1 Corinthians 6
1 When one of you has a grievance against another, does he dare go to law before the unrighteous instead of the saints? 2 Or do you not know that the saints will judge the world? And if the world is to be judged by you, are you incompetent to try trivial cases? 3 Do you not know that we are to judge angels? How much more, then, matters pertaining to this life! 4 So if you have such cases, why do you lay them before those who have no standing in the church? 5 I say this to your shame. Can it be that there is no one among you wise enough to settle a dispute between the brothers, 6 but brother goes to law against brother, and that before unbelievers? 7 To have lawsuits at all with one another is already a defeat for you. Why not rather suffer wrong? Why not rather be defrauded? 8 But you yourselves wrong and defraud—even your own brothers!
I clipped a newspaper article some years ago that told a sad but interesting story. Listen:
Magistrate tells church, pastor to settle their own dispute
The Associated Press
Spartanburg, [SC] – A magistrate told church members and the pastor they are trying to fire that he may not have the authority to settle their months long dispute and urged them to resolve their differences out of court.
The dispute involves Foster Chapel Baptist Church and its efforts to oust its pastor, the Rev. Douglas E. Dennis. On several occasions, the church has voted to fire Dennis, but he has refused to stop representing himself as pastor or to leave the parsonage.
On Thursday, Magistrate Robert Hall told about 60 church members crowded into a Spartanburg County courtroom for Dennis’ eviction hearing that they need to settle the issue themselves.
“I’m asking you as a judge, and maybe I shouldn’t, but I’m asking you as a Christian, to resolve this matter,” Hall told the crowd, which included Dennis’ supporters and church supporters…
Dennis refused to comment on whether he thinks the dispute is resolvable. “I’ll be back in the pulpit on Sunday. That’s all I can say.” he said.
I am less concerned about the particulars of the actual case than I am the wider dynamics involved:
- A church has a conflict between members.
- The church finds itself unable to resolve the conflicts.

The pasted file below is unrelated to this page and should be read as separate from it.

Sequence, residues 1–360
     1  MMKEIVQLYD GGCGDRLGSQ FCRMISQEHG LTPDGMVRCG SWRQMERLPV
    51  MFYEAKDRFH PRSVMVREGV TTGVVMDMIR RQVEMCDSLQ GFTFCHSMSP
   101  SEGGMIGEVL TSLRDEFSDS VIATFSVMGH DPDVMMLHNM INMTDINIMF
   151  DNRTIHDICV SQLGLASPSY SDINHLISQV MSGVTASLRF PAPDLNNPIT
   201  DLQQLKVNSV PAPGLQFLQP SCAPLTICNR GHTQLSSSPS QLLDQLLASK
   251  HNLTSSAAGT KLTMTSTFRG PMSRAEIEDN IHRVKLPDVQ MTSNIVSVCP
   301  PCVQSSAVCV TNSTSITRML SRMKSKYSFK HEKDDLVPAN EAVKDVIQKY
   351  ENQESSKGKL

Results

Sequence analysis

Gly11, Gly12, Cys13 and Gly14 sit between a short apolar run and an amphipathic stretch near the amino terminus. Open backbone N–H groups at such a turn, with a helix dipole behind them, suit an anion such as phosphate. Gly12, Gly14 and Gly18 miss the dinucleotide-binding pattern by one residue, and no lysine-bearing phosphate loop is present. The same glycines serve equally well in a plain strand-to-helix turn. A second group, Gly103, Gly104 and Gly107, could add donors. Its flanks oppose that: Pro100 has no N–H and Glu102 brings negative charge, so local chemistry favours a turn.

- The church goes to a secular court for resolution.
- The judge, a Christian, pleads with the church to reconvene and resolve the issue.
This raises lots of questions: Why could the church not resolve its conflicts? Were they right to go to a secular court? What did the judge see as a Christian that the members of the church could not (would not?) see? What happened? How were they supposed to resolve their issues? Did they?
These questions and the dynamics lurking behind them were present in the early church as well. In an intriguing text, the Apostle Paul reprimanded the Christians of Corinth for their going to a secular judge for conflict resolution, but, moreso, he reprimanded them for not being able to handle conflict better.
To be human is to live on the edge of conflict. Try as we might—when we try, that is—the possibility of conflict with other people is always there and, tragically, we too often see these possibilities actualized in interpersonal clashes. We might think that the church would be a safe-haven from such, that, somehow, people who all profess Christ would have no reason to conflict. To think this, however, would be naïve. For one thing, the scriptures contain many references to conflict and conflict resolution. This, in and of itself, tells us that this is an issue we need to consider soberly and diligently.
Let us consider, then, the nature of conflict in the church and how we might resolve such conflicts rightly. We will consider a number of introductory considerations first, and then move to specific and particular actions as we progress.
God has given the church everything it needs for rightful judgment and conflict resolution.